Whatever genre of West Asian or Middle Eastern music you end up enjoying, you may be surprised, if you’re not already in-the-kjnow, with how many songs from the region are love songs, and in many cases quite passionate ones. Sometimes the “love songs” are religious in nature–primarily Islamic–with the expression being one of deep faith, sometimes the object of desire is human; sometimes a song expresses devotion to both. Also, most West Asian/Middle Eastern music is lavishly orchestrated, with cascading strings and arrangements that could start a song 50 minute with a dramatic introduction lasting 20 minutes before the vocalist even starts to sing. In such cases the performances are operatic, almost epic in scope, transporting audiences to a musical world of remarkable depth. (The electrifying performances of legendary Egyptian vocalist Oum Kalthoum are a prime example.)
Western Asian and Middle Eastern music, especially Arab music, also takes advantage of sounds within the musical scale that don’t always appear in other music. A “quarter tone” appears between two notes that traditionally appear directly next to each other in other scales, such as between “G” and G#”, if you’re familiar with that kind of musical notation, or between “do” and “re” if that makes sense to you; picture, for example, another key existing between any two keys on the piano. Middle Eastern instrumentalists and vocalists slide in and out of quarter notes with ease, a fact that sometimes tricks the unfamiliar “Western” ear into thinking their music is “out of tune.” It’s not out of tune, just out of the primary Western musical experience.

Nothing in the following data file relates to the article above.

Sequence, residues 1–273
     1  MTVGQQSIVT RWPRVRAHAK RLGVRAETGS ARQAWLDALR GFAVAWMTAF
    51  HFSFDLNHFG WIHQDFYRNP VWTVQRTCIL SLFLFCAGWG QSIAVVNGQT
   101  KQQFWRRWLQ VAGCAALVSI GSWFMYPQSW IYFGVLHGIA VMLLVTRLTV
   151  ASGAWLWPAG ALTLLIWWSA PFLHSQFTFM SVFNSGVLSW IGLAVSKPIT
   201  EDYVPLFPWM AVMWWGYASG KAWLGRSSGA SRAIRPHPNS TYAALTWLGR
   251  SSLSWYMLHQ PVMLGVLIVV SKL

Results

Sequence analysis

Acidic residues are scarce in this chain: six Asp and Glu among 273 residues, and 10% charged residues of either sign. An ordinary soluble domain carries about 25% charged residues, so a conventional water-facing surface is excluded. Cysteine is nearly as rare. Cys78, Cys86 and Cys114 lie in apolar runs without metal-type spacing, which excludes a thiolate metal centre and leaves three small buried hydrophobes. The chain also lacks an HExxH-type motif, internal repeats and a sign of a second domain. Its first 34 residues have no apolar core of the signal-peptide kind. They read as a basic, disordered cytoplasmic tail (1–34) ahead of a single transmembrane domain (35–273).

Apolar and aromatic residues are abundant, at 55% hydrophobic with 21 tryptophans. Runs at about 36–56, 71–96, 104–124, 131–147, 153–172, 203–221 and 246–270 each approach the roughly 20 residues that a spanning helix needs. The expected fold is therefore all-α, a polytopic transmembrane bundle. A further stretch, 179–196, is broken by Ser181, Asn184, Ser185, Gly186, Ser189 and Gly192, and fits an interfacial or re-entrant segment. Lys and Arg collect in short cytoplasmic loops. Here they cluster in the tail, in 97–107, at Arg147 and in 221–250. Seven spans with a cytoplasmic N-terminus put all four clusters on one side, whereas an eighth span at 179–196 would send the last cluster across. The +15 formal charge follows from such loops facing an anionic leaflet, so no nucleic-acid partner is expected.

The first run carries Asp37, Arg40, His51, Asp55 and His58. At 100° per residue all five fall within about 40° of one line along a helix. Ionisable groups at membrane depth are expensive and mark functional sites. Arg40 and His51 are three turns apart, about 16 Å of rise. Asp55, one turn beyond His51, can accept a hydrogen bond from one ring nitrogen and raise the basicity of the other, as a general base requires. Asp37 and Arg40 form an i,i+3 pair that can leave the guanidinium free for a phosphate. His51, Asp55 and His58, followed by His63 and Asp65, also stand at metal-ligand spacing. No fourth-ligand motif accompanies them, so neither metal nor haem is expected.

— Middle Eastern music: a primer
— Persian Sufi music: about Persian Sufi music | watch the Avinar Ensemble perform it
— Arabic classical music: the development of Arabic classical music | watch classical Arabic musician Yasser Moawad and his many-man choir
— Arabesque: about Arabesque | enjoy an intimate performance by debonair Arabesque best-seller Orhan Gencebay
— Al-jil: about “jeel” | watch jeel star Hamid Al Shaeri
Explore these genres of music from West Asia and the Middle East:
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